Governor to sign fireworks, abortion bills into law

BY STATE REPRESENTATIVE DAN A. HUSEMAN

R-District 3, Aurelia

This is most likely the last week of the current legislative session.  The state budget has passed and awaits the Governor’s approval or veto.  This is also the time of year when a few major policy bills are finalized. That has been the case this week.

On Monday the House passed Senate File 489, which is the fireworks bill. If the legislation is signed by the Governor, Iowans will be allowed to use consumer-grade fireworks, such as Roman candles and bottle rockets. People would be allowed to use fireworks between June 1 and July 8, and again between Dec. 10 and Jan. 3. City councils and county supervisors would have the authority to ban or restrict the use of fireworks, but they could not stop the sale of them. In polling data, it appears the general public supports making fireworks legal. Previously, I opposed this legislation but when the opt out language was added, I supported the bill. The Governor has indicated he will sign the legislation.

A bill to ban most abortions in Iowa after 20 weeks of pregnancy passed the Senate on Tuesday and is headed for the Governor’s desk. The bill also calls for a three day waiting period for a woman  seeking an abortion. An abortion would be allowed after 20 weeks if a doctor determines the life or health of the mother is at risk. The bill passed the House several weeks ago, and I supported it at that time. 

Both of the budget bills I am responsible for have passed the House and Senate, and are headed for the Governor’s desk. Neither bill uses general fund dollars. The Department of Transportation budget passed the House on a unanimous vote, while the infrastructure bill went through on a party line vote.

On Tuesday, April 18, 2017, the Iowa House passed House File 631 on a 92-6 vote. The bill changes how hunting/fur-harvesting/fishing license fees and wildlife habitat fees are established by striking current Code provisions that explicitly set them to specific monetary amounts and with authority for the Natural Resource Commission to establish the fee amounts through the administrative rules process with a year-long layover/delay for General Assembly nullification, amendment, or acceptance. This lay-over/automatic delay provides for an opportunity for the General Assembly to accept the proposed fee increases, amend them, or nullify them. So oversight and accountability for the fee increase still lies with the intent of the Legislature. The Department of Natural Resources ( DNR) has indicated that it would seek a 17% license fee increase through the administrative rule process this summer to be effective 12-15-2017 that would generate an estimated $3.85-million increase in revenues for the 2018 hunting, fishing and fur-harvesting season with $2.75-million of increase fees being paid by resident Iowans, and $1.1-million being paid by nonresident hunters and fishers.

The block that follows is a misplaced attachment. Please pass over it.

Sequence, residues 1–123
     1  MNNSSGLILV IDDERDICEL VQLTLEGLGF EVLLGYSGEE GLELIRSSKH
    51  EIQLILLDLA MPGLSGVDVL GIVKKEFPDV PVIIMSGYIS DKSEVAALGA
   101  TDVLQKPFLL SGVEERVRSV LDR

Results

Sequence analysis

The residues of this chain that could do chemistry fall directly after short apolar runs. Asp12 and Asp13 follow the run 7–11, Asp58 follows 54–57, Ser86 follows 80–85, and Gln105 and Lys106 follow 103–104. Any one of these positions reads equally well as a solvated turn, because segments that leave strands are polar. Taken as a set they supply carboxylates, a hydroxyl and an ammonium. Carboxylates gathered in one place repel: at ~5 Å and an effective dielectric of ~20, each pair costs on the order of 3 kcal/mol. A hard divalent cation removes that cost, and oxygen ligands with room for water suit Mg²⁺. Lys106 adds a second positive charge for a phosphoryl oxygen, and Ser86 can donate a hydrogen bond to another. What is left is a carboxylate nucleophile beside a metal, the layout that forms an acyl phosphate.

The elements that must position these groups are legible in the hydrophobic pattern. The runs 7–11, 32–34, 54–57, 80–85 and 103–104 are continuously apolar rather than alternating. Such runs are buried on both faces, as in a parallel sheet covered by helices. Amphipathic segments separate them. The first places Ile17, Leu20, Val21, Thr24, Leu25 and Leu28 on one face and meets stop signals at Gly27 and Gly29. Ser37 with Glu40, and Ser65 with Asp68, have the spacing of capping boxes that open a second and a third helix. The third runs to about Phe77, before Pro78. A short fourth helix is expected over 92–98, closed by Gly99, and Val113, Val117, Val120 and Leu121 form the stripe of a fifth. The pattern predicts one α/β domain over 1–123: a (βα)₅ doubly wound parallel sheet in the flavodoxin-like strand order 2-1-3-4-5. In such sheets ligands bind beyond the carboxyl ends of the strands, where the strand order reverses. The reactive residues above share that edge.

The fees established by the process created by House File 631 are to be periodically evaluated by the Department of Natural Resources (DNR) not less than every three years to ensure fees paid are sufficient to meet the needs of natural resource management and maintain public access. By Dec. 15th  of each year after 12/15/2018, the DNR shall file a written report to the NRC, and the General Assembly concerning the evaluation and any recommendation on whether fee prices need to be changed to increase Fish and Game  revenues.  Any such fee increase recommended by the evaluation and subsequently proposed by the NRC shall not take effect until the following Dec. 15 or later to give the General Assembly an opportunity to nullify, amend, or leave as is the fee changes proposed by administrative rule process.  Additionally, such fee increases shall not exceed 5% in any calendar year.  The bill further authorizes DNR and the NRC to offer multi-year licenses, and non-resident five day hunting licenses. The measure also caps the amount of habitat fee revenue that can be used to purchase land by the state for public hunting purposes at current levels in an effort to ensure that future increases in these fees will be used to support habitat development on existing state lands and upgrades in state fishery infrastructure.    

Since this session  is almost over, this will be the final newsletter for the year.  It has been an honor and privilege to  serve as your Representative  in Des Moines, and I look forward to seeing many of you this summer.

You may reach me at the Capitol during the week by phoning me at 515-281-3221, or at home on weekends at 712-434-5880.  You may write me at the State Capitol, Des Moines, IA, 50319.  My home is P. O. Box 398, Aurelia, IA 51005. If you have email, please contact me at dan.huseman@legis.iowa.gov.